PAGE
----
Financial Daily from THE HINDU group of publications
Sunday, Apr 11, 2004
Industry & Economy - Courts/Legal Issues
National Company Law Tribunal held unconstitutional
Chennai , April 10
A DIVISION Bench of the Madras High Court has declared the constitution of the National Company Law Tribunal (Tribunal) and the National Company Law Appellate Tribunal (Appellate Tribunal) as provided for under provisions of the Companies (Amendment) Act, 2002 as unconstitutional.
A division bench, comprising Mr Justice R Jayasimha Babu and Mr Justice M. Karpavinayagam ruled that the three-year term of office for members was extremely short and a disincentive for competent people to join.
Professionals could not be expected to give up their practice for a limited term of three years. In its view, the limitation of a three-year term showed that the executive was gradually making deeper and deeper inroads into the independence of the judiciary.
The division bench also identified a few other infirmities in the process of selection of members of the Tribunal and the Appellate Tribunal. It held that the qualifications of judicial and technical members had to be completely recast. As per the amendment, technical members would be persons having 20 years experience in science, technology, economics, banking and in 15 other diverse fields.
The High Court pointed out that the knowledge of science, technology and marketing was no substitute for expertise in the specialised branch of company law.
The chairman of Appellate Tribunal and the president of Tribunal should not be subject to the selection process by a committee of secretaries as provided for in law at present but should be appointed by the Chief Justice of India in consultation with two senior most judges of the Supreme Court.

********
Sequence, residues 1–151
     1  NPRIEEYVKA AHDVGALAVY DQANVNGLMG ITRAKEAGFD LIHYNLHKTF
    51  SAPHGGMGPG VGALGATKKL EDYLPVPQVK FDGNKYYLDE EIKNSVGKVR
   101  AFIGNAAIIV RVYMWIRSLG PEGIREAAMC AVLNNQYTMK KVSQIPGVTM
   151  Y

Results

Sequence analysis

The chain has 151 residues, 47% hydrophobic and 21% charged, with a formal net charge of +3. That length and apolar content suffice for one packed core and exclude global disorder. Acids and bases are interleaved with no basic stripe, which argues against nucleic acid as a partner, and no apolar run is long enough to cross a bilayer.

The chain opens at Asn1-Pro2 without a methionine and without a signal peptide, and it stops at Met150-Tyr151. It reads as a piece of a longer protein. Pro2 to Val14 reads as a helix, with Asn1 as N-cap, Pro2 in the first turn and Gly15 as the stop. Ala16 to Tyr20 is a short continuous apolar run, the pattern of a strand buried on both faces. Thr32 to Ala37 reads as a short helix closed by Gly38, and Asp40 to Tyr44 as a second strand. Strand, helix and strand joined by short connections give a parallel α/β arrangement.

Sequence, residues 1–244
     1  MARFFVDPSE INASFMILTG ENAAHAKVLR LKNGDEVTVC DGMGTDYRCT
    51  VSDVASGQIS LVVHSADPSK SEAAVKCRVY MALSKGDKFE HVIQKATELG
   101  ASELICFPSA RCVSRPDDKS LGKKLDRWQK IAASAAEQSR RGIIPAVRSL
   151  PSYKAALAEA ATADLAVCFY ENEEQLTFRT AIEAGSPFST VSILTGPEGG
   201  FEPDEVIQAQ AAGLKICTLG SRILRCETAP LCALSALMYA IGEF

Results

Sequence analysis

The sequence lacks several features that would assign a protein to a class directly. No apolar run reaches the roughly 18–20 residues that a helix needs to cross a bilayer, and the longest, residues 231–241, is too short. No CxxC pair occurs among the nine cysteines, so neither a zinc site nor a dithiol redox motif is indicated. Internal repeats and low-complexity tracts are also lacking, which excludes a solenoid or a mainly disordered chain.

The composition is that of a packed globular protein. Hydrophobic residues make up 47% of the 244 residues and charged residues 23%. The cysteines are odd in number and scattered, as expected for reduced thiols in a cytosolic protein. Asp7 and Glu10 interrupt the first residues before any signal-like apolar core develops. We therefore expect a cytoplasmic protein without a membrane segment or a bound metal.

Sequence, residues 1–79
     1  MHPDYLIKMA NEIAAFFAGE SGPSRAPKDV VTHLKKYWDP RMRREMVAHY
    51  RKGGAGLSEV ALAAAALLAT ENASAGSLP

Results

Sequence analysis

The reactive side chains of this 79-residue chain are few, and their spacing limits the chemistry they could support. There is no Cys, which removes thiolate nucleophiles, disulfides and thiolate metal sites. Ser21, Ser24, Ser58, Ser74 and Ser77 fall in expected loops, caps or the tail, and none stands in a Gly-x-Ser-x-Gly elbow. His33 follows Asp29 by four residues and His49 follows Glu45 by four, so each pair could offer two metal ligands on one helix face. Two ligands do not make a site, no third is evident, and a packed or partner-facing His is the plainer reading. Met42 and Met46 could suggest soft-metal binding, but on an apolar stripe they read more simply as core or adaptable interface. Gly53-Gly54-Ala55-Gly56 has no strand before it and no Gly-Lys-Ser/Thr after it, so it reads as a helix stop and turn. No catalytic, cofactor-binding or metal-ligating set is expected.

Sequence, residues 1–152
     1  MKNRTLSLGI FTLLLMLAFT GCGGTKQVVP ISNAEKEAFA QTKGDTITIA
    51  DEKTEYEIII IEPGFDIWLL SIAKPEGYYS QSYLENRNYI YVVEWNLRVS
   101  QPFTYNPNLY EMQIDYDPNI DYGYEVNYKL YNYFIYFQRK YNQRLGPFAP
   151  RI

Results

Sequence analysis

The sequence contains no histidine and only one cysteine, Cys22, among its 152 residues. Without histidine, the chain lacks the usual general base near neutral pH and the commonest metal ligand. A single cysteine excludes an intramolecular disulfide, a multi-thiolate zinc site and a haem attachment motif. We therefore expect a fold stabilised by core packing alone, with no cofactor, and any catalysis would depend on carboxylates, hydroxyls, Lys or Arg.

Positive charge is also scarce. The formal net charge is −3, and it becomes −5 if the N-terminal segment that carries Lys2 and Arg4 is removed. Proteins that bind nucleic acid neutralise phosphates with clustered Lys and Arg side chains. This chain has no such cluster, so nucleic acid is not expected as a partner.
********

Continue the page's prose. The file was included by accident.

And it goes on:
The stipulation that members who come from the civil services can retain a lien on their jobs indefinitely was also faulted by the division bench as not conducive to proper functioning. In the court's view, the selection of members must be made only after wide publicity in various newspapers.
The selection of members to the Tribunal and the Appellate Tribunals, showed that that there was an aggressive executive tendency to slowly take over the judicial powers exercised by the court, the judges observed.
The court was ruling on a writ petition filed by the Madras Bar Association challenging the formation of these tribunals. By the amended Act, the tribunal was to consist of a president and 62 members and would take over virtually all the powers of the High Courts and the Company Law Board (CLB) relating to company law and the Board of Industrial and Financial Reconstruction (BIFR). It was proposed to constitute 10 benches of tribunals throughout the country. The amendment also provided for formation of a National Company Law Appellate Tribunal presided over by a Supreme Court judge or a retired high court chief justice and two other members.
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